Before opening an alleged prostitution parlor on property owned by Rep. Ron Kind (D., Wis.), a Chinese masseuse lost her occupational license in another state after local police linked her to human trafficking and prostitution.
Chunyan Yang began managing a South Dakota massage parlor in August 2013, local records show. Within months, Sioux Falls police heard reports of "females being held against their will" at the establishment and launched an investigation into "human trafficking" and "prostitution," naming Yang as a subject. Two years later, she pleaded guilty to practicing massage without a license and left South Dakota for Plymouth, Minnesota. But when Yang applied to renew her license in the city as owner of "Asian Health Massage," Plymouth's city council denied the application, citing a police background check that linked the business to "illegal activity" through reviews on illicit sex massage sites.
"The reviews state that they had sexual experiences with staff or massage therapists at this location," then-Plymouth police chief Mike Goldstein testified at a council hearing. One such review described a masseuse named "Anna," who "began to play around" with the client's testicles before performing a penile maneuver that "made [him] pop in no time." Goldstein later testified that Yang "used a number of different names over the last several years" and that "one of those names was Anna."
Following the ordeal, Yang became the registered agent of La Crosse, Wis.-based Impression Spa in 2018. The parlor has also been advertised on RubMaps—which USA Today describes as "Yelp for sex spas"—and rents office space from Kind, paying the Democrat up to $50,000 in 2018 and 2019 rental income.
Kind has staunchly defended Impression Spa, calling criticism of its advertisements a "baseless, defamatory attack against an Asian woman-owned small business" in a May statement. The Democrat has yet to address Yang's past legal issues and longstanding ties to prostitution, and his campaign did not return a request for comment on whether he vetted Yang's business history before renting his property to her.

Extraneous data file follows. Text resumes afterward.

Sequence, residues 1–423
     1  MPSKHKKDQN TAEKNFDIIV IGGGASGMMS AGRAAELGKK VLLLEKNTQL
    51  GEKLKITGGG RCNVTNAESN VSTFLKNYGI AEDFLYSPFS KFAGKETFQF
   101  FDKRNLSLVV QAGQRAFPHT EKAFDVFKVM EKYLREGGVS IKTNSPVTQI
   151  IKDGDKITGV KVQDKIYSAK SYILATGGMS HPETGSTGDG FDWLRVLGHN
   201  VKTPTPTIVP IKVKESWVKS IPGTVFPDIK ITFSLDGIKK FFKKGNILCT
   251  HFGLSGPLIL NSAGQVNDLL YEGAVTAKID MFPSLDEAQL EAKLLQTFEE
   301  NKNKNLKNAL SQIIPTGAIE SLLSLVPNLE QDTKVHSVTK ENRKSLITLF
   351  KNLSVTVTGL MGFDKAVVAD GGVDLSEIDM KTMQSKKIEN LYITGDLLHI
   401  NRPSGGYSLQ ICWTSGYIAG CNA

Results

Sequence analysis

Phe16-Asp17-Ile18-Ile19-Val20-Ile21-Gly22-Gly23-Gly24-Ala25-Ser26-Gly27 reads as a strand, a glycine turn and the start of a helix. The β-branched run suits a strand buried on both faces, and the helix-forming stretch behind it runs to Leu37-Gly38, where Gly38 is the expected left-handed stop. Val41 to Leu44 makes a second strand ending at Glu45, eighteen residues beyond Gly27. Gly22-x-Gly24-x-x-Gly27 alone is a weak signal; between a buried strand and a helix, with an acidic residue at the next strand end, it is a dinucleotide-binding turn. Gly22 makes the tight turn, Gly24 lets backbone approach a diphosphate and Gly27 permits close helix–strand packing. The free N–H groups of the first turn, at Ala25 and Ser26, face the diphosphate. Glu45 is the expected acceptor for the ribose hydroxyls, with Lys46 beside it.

Yang's alleged prostituting continued after the masseuse lost her license in Minnesota. In February 2017, police arrested an Asian Health Massage employee for prostitution following a sexual interaction with an undercover officer, Fox News reported in May. Yang personally directed the officer toward a "dimly lit room" before the massage, the police report states. She later told police that the business was registered in her "daughter's name" as city officials denied her license renewal application.
In May, Kind blamed Impression Spa's advertisements on RubMaps and other sexual sites on Google, saying that "because of Google's algorithms, [the ads] get attached to various sites that the small business has no control over." A Google spokesman pushed back on the defense, however, telling the Washington Free Beacon that the company "does not run Google ads" on any of the illicit sites in question and "prohibit[s] content that promotes compensated sex acts."
Wisconsin attorney Joe Veenstra of Johns, Flaherty & Collins also defended Impression Spa—which has since been renamed Asian Sunny Massage—as a "perfectly legitimate business." In a May statement, the attorney threatened "serious legal action" toward "anyone in the press" publishing "political hit pieces." Veenstra, however, did not disclose his status as a Kind campaign donor. The firm's managing partner, Brent Smith, has also served as Kind's campaign treasurer since August 2020, campaign finance disclosures show.
Veenstra did not return a request for comment.
Voters in Wisconsin's Third Congressional District first elected Kind in 1996. He will likely face retired Navy SEAL Derrick Van Orden in 2022 after defeating the Republican by less than 3 points in November.
Published under: Human Trafficking , Prostitution , Ron Kind , Wisconsin